You don’t have to do a lot of driving in San Angelo to notice that the motorists are a bit wild on the road.
Indeed, a closer examination of the dents, dings, scratches and gashes on an increasing number of San Angelo vehicles seems telling enough: There are a lot of hits in our small city, and according to San Angelo Police Department Traffic Hit and Run Investigator Steven Quade, the number of those who run is on the steady rise.
Up from around 50 a month in January to right around 90 a month by the end of August, San Angelo has got a traffic problem. And since hit and runs most often occur without any witnesses reporting, there doesn’t seem to be a solution in sight.
The good news? Quade says that the incidents are pretty evenly distributed throughout the city, so you’re not really screwed if you tend to stay in one location. He does advise, however that cars parked in lots, apartment complexes and on the side of the street are the most vulnerable to hit-and-run type incidents.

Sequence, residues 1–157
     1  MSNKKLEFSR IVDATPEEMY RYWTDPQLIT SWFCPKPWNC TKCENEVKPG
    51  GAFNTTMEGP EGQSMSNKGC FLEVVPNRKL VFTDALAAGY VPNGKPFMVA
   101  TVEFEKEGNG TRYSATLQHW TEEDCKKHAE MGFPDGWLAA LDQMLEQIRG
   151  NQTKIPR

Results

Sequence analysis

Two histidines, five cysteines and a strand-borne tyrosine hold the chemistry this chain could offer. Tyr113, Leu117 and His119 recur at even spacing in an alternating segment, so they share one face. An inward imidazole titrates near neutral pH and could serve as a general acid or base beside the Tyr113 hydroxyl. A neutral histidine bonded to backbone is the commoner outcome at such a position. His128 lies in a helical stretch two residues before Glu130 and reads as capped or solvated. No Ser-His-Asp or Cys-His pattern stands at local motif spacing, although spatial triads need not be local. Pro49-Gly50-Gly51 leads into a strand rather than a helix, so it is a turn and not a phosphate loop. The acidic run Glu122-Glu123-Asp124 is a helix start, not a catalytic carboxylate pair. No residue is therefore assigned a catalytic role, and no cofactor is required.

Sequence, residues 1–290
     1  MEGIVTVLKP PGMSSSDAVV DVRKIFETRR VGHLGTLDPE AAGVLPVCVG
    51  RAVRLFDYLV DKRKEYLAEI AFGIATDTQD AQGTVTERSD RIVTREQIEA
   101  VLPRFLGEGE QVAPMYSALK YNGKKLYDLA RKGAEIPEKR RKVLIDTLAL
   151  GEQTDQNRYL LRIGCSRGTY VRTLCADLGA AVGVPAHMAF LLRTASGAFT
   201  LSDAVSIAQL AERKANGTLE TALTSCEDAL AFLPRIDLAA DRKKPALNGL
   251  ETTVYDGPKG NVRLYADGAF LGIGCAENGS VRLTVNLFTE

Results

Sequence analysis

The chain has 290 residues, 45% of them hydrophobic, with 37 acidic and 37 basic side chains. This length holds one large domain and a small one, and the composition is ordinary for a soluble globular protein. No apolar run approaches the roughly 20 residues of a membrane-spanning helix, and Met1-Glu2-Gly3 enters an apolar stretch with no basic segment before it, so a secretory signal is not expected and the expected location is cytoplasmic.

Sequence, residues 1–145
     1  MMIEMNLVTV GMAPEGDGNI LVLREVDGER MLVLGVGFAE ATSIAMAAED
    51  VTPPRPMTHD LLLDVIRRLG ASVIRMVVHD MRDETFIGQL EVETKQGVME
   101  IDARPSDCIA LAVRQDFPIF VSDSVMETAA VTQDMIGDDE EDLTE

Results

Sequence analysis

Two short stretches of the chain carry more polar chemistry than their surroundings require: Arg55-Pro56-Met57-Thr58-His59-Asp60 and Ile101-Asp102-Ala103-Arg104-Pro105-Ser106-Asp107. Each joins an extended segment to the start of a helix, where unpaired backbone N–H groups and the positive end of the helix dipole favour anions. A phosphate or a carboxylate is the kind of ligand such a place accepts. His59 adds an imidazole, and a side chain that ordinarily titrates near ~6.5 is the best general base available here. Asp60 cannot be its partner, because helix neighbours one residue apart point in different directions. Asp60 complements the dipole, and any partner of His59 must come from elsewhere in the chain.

“The best thing to do is, if you’ve got a driveway to park it there,” Quade said. It’s pretty much inevitable that your vehicle will be a victim parked on the street.
“[Apartment complex parking lots] are really difficult,” Quade added, “there usually aren’t any witnesses.”
Last year, there was a total of 817 reported hit and run incidents. So far this year, we’ve had 608, and will likely end up with around 900 if trends continue, Quade warned.
“We’re seeing more and more [serious accidents],” he said. “We have probably about five or six a month where it totally wrecks the vehicle.”
Even accidents involving persons are up, Quade said, “We’ve had four pedestrians hit downtown and hurt pretty badly [this year].” The majority of these occur on Friday and Saturday nights and can be attributed to the growing traffic that downtown sees on weekends as the area develops its nightlife.
To combat the growing number of hit and runs involving pedestrians, state laws and penalties have been slightly changed recently to discourage leaving the scene of the crime.
“The only thing that has changed is that a hit and run used to be a third-degree felony,” Quade said, “People would leave the scene because they got in less trouble.”
Now, the law has changed so that the penalty is the same whether you run or not.
Should you witness a hit and run or any suspicious activity, call the San Angelo Crime Stoppers or the SAPD Traffic Division.